Revenue has been in decline since the end of fiscal 2011, causing a steady decline in operating cash flow (shown below). Many of its biggest segments including "Global Tech Services" and "Global Business Services" saw declines of nearly 2% while its "Systems and Technology" segment has declined a striking 16.6% so far this year. Only its "Software" and "Financing" segments have seen growth this year of 1.3% and 3.5%, respectively. The lack of sales growth has not yet hurt profits because of IBM's disciplined cost cutting but this strategy cannot continue indefinitely. At some point IBM will have to stop cost cutting and increase (or at least stabilize) sales to maintain profits. Until IBM can accomplish that, investors will remain concerned about the future.

US Spying and its Impacts on IBM

IBM will be one of the most adversely affected companies as a result of the US/NSA cyber spying programs. The revelations have already caused China to shift away from US computer companies like IBM in favor of domestic or other international brands. This has already been felt at IBM, as sales from China decreased 11% in the last quarter, continuing a trend of decline that started three quarters ago. In addition to this, nations such as Germany and Brazil are taking added steps to protect themselves from US spying. They have not yet condemned IBM but other US companies like Verizon (NYSE:VZ) have lost business. Germany even mandated that the whole government switch to specially secured BlackBerry (NASDAQ:BBRY) devices, a Canadian phone. I stated earlier that IBM has faced shrinking sales for many years and that lower sales do not mean lower profits. However, if sales drop off in parts of Europe and Latin America as they have in China then IBM would be in serious trouble. Falling sales would ruin cash flows, harm profits and all the efficiency in the world would not save it.

The Ugly


IBM's management has implemented some good policies in recent years which have increased profits but have failed thus far to successfully increase revenues. This has led to the continuation of policies which, when spread over the long term, can severely diminish a company. IBM has laid off tens of thousands over the last few years, cut overall R&D spending, sold off assets and has aggressively bought back stock.

Laying off employees is necessary from time to time, but IBM has managed to greatly increase profits over the last coupe of years yet has planned to lay off another 13,000 in 2014. This causes two problems. First, it ruins company morale and job security for many people who then may not perform as well or switch to other companies. Second, layoffs are expensive and IBM expects to spend another $1 billion this year alone.

Another part of the cost cutting is the decrease in R&D. With less R&D IBM will be less likely to innovate on the scale it has in the past. So far this has not taken place but if cuts of 7%-plus per year continue then it's only a matter of time. IBM has also decided to move away from low margin high volume business like its PC "Thinkpads" in the mid 2000s. Recently it sold its low-end server business to Lenovo. This was an area where IBM could have expanded and dominated but that it no longer is a part of.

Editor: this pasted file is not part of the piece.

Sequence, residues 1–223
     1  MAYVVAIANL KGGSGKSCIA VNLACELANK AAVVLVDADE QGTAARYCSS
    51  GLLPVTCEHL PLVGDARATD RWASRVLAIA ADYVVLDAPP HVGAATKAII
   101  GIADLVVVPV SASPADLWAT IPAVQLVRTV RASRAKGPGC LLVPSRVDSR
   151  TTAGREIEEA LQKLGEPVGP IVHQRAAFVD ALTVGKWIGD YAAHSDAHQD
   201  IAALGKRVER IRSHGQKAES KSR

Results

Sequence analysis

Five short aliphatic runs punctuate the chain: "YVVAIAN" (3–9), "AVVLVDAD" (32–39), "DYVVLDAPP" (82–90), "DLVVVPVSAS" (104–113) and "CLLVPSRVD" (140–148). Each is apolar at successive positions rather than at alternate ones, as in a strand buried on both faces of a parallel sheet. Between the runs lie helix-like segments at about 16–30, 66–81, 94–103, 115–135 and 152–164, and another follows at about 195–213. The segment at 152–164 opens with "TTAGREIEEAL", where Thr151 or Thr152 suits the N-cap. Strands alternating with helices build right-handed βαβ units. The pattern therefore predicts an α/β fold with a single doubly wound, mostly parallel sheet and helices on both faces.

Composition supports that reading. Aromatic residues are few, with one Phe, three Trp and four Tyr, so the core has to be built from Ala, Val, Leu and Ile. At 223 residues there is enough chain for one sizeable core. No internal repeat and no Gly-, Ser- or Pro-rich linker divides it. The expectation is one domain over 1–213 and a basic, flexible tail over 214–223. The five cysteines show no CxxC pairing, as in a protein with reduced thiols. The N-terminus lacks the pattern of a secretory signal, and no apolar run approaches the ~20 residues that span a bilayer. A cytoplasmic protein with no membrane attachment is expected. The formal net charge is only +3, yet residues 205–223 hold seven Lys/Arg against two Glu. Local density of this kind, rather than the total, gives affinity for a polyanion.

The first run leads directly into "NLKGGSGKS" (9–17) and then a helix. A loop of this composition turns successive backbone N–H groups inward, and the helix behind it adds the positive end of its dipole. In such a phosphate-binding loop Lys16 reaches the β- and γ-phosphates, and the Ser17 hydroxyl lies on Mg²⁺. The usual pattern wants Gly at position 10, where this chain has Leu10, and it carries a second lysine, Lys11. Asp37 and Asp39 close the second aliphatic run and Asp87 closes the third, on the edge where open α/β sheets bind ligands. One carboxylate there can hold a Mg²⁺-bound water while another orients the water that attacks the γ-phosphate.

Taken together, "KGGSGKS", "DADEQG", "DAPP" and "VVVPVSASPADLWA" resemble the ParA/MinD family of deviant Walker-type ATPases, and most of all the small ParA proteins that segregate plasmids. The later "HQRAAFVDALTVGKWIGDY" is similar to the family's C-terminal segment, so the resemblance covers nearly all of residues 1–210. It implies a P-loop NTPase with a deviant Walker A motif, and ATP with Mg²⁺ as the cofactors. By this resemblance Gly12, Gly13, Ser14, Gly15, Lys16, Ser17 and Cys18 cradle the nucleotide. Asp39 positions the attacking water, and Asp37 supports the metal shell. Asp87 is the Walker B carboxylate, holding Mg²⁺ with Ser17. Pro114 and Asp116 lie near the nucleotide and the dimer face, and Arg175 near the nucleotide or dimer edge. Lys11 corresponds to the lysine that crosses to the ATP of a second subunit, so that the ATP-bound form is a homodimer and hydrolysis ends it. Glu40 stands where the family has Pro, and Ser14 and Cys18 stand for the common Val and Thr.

Lastly, in order to increase per share results (especially EPS) IBM has been aggressively buying back stock for many years. The upside is that the stock has been bought at a relatively low price and has greatly improved share results. However, IBM has spent nearly $12 billion on stock buybacks this year alone. That is nearly twice as much as the first six months of last year. They have done so largely using debt and the chart below shows the rise in debt at IBM. This is not sustainable especially when sales are in continuous decline.

Source: Google Finance


IBM has many upsides and downsides to it at the moment. If you have the stock, continue holding it for the dividends, buybacks and rising profits. But, be aware of the long-term risks of the rising debt, unsustainable cost cutting and falling revenues. For those looking to buy in for a long-term hold I would hold off until some stability returns to its revenues and expenses. IBM is certainly capable of returning to a stable operating norm with steady sales, profits and no mass layoffs. So far however, IBM has continued to increase risk in the long term by growing debt, selling off assets and decreasing spending on future breakthroughs. Mixed with international issues causing further decreases in sales there is much risk to consider when looking at IBM.

Disclosure: The author has no positions in any stocks mentioned, and no plans to initiate any positions within the next 72 hours.

The author wrote this article themselves, and it expresses their own opinions. The author is not receiving compensation for it (other than from Seeking Alpha). The author has no business relationship with any company whose stock is mentioned in this article.